At the removal of the temporary bridge, the stability of the implant/transmucosal abutment complex was verified and the conditions of the peri-implant soft tissues assessed. In the absence of mobility, pain, suppuration at palpation/pressure, the implants were considered ready to support a definitive restoration, which was fabricated during three to four appointments. This would include (i) final impressions, (ii) articulation of the working models in the laboratory using the provisional prostheses as guidance and (iii) insertion of the definitive bridge or (i) final impressions, (ii) bite registration, (iii) wax trial and (4) insertion of the definitive bridge. At the time of the final impressions, the proper fit of the impression copings onto the transmucosal abutments or onto the implants as well as the peri-implant bone level were checked with intraoral radiographs.

Three different types of definitive bridges could be provided:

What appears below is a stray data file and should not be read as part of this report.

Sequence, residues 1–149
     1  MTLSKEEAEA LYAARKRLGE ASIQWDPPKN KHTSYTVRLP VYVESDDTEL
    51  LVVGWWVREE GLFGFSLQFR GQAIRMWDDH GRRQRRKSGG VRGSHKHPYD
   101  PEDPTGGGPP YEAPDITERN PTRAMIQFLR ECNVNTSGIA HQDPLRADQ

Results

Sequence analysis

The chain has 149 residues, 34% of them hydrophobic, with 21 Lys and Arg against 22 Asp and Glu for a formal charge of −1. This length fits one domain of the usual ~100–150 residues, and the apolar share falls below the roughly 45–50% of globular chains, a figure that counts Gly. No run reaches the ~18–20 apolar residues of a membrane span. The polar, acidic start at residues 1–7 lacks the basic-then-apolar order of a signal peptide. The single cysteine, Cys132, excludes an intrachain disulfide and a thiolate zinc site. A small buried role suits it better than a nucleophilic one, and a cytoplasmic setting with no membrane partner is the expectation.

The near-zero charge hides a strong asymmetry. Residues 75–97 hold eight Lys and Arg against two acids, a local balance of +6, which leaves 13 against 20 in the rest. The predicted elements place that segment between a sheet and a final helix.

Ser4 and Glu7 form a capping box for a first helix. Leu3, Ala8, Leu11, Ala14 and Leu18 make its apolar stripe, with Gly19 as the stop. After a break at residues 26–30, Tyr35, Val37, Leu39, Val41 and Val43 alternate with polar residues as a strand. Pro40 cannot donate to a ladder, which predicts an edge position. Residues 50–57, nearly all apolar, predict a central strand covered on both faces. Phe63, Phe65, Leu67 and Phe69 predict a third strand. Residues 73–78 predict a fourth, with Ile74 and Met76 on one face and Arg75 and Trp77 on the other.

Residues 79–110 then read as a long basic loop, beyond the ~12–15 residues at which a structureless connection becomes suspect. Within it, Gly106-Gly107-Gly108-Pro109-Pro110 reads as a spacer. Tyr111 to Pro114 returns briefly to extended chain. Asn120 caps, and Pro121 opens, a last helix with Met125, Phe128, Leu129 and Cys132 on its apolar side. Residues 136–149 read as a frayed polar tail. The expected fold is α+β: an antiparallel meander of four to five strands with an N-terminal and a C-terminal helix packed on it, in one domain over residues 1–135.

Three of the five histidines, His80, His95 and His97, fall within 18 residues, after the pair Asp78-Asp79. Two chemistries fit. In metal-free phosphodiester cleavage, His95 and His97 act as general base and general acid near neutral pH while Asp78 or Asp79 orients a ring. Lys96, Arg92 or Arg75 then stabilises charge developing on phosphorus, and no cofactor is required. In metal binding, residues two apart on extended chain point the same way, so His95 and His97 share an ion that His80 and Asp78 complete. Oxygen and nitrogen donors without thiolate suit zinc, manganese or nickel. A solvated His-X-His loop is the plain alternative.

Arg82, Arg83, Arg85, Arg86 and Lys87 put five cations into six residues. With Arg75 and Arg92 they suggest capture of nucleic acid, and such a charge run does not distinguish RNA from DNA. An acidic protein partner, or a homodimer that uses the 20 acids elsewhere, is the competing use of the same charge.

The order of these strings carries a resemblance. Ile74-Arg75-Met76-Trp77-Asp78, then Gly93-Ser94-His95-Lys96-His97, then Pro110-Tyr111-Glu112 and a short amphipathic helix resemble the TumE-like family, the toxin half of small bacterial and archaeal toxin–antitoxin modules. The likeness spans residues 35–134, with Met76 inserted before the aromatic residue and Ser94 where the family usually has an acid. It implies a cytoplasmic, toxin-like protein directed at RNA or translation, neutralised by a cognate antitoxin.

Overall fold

1. A titanium framework and acrylic resin denture base material with denture teeth around it,
  2. A monolithic zirconia framework with porcelain bonded on it
  3. A chrome-cobalt framework with porcelain bonded on it.

The bridges were screw-retained onto the transmucosal abutments or directly onto the implants after the removal of the transmucosal abutments (Figure 4, 5), depending on the amount of soft tissue recession that had occurred during healing and on the aesthetic demands. The fit of the bridge to the transmucosal abutments/implants was verified with intraoral radiographs that would also provide for baseline peri-implant bone levels.